The fact that it took all of us by surprise—and this we must acknowledge to honor those who have paid with their lives—speaks to the blanket of despair and humiliation many of us were dangerously comfortable living under. We had become frighteningly accustomed to asking ourselves “What is wrong with us? Why are we accepting this?” It took a generation that has known nothing but the one face of a government that offered them nothing but fear, intimidation, inefficiency, corruption, and injustice. It took this generation’s uprising, which did not make use of any of the generally suppressed traditional venues (political parties, NGOs, even mosques, cafes, and cultural salons) to restore a sense of pride in nations that emerged out of the world’s oldest civilizations.
The youth bulge in the Arab world (where nearly 60 percent of the population is under thirty years of age) has produced a dividend of human dignity across the region and way beyond. Regardless of what actually transpires, priceless milestones of social awareness, political savvy, cultural pride, and creativity have arisen. A deep yoke of humiliation—from a fear born of oppression and injustice, from a silence created by decades of clinking chains and printed lies, and from the combined pains of hunger, sexual frustration, and the stigma of poverty—has been thrown off. The process that the youth have engineered and chartered has unfolded with an integrity, dignity, and efficiency that impressed even the country’s toughest institution—the army. From the army emerged the Free Officers movement, which led Egypt’s first revolution against British colonialism in the middle of the twentieth century. Then, as now, the Free Officers stood shoulder to shoulder with the nation’s youth and civic activists. Then, it was an army-led revolution. Today, the army is—ostensibly—protecting the youth of the nation who are leading its people in revolution.
Egyptian youth have organized, deliberated, coordinated, and effectively built—almost overnight—a movement for change. What are the specific demands of the youth? Not only the President, but the entire regime “has to go.” As the motto above makes clear, radical change is required. But the commas, or pauses, separating the various segments of this short motto are not coincidental. In fact, the way the motto is being articulated is itself a declaration of change in action. The people have found their voice, and they announce themselves. Their want, their demand, is not just a matter of a verb or a matter of course; it is the act of making this demand in and of itself that is critical. Finding and speaking their voice and making their demand are part of a revolution that is reversing a long silence and humiliation. And what are they asking for? The downfall of the regime. Not a change of head, not even a transfer of power, but rather nothing less than a radical, comprehensive, and speedy change—the downfall of a way of being.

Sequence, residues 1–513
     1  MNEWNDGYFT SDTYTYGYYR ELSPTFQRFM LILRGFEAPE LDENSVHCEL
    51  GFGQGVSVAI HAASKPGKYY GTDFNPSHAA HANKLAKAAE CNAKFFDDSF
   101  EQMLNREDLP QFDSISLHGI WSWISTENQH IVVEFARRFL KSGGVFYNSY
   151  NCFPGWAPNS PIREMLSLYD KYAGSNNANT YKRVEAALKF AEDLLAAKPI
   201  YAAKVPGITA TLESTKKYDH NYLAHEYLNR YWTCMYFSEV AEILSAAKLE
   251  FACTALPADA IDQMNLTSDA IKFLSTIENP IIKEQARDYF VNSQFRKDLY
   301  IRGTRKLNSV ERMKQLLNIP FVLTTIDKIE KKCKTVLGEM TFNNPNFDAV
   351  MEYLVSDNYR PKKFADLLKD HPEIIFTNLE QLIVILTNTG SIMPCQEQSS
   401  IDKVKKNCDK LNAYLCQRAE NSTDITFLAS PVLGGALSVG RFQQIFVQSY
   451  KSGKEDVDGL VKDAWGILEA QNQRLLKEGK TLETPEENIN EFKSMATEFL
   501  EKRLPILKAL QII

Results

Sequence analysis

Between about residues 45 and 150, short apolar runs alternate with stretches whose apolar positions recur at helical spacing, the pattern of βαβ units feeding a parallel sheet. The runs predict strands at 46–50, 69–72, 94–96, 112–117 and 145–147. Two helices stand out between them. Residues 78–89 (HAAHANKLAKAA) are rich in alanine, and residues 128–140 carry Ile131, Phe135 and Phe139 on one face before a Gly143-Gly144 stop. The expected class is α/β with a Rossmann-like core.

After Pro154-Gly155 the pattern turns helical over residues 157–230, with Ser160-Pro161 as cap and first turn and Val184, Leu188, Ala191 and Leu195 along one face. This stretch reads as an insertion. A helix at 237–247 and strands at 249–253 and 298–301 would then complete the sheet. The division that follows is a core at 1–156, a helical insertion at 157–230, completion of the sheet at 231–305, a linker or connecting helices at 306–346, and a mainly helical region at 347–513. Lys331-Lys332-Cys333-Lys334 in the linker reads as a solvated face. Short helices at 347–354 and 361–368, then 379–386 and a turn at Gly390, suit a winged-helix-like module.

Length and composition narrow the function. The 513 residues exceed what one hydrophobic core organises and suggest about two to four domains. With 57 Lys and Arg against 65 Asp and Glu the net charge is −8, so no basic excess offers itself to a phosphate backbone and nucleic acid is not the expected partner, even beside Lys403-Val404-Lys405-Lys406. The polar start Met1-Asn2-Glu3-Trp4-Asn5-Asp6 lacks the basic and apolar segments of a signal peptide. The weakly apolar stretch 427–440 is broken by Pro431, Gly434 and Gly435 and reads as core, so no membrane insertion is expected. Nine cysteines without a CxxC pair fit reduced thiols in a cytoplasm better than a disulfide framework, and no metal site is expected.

Various opposition voices are elaborating aspects of this call into concrete stipulations, including the provision of a transitional governance structure devoid of Mubarak, constitutional reform, the dissolution of illegitimate legislative councils and the national assemblies, proceedings towards genuinely free and fair elections, and so on. But, in my estimation, the subtext of the demands of the youth is: “Listen to us and respect what we have to say.” However, an ongoing challenge—perhaps one more endemic than chaos, lawlessness, and insecurity—is a continuing attitude of condescension on the part of those representing the regime—the attitude that “offers to dialogue” while keeping the entire regime in place, and with the implication that this is a huge concession on the part of a ruling elite, and that it matters not that the offer to dialogue comes so late in the day. This is precisely the attitude that the youth—and the majority of the people—are decrying. This is the attitude that, if not radically changed to one of humility and some form of contrition, will spell unrest for a long time to come.
One of the many aspects of Arab political culture that has been demonstrated in the unfolding events is a remarkable capacity for tolerance, or patience, though some may refer to it almost as obstinacy. But this patience is finite, and people, when pushed, implode and explode simultaneously. Constructive marshaling of these energies has to be systematic, deliberate, and organized, but also humble, because decades of oppression produce social trauma. And, as with any social trauma, its overcoming requires the deliberate devotion of time, active and respectful listening, consideration, and constructive marshaling and deploying of energies into productive channels. The least productive course to follow would be to create more of the same circumstances that induced the symptoms in the first place. And it is even more politically inept to appear not to heed the anger of those who are known to be obstinate.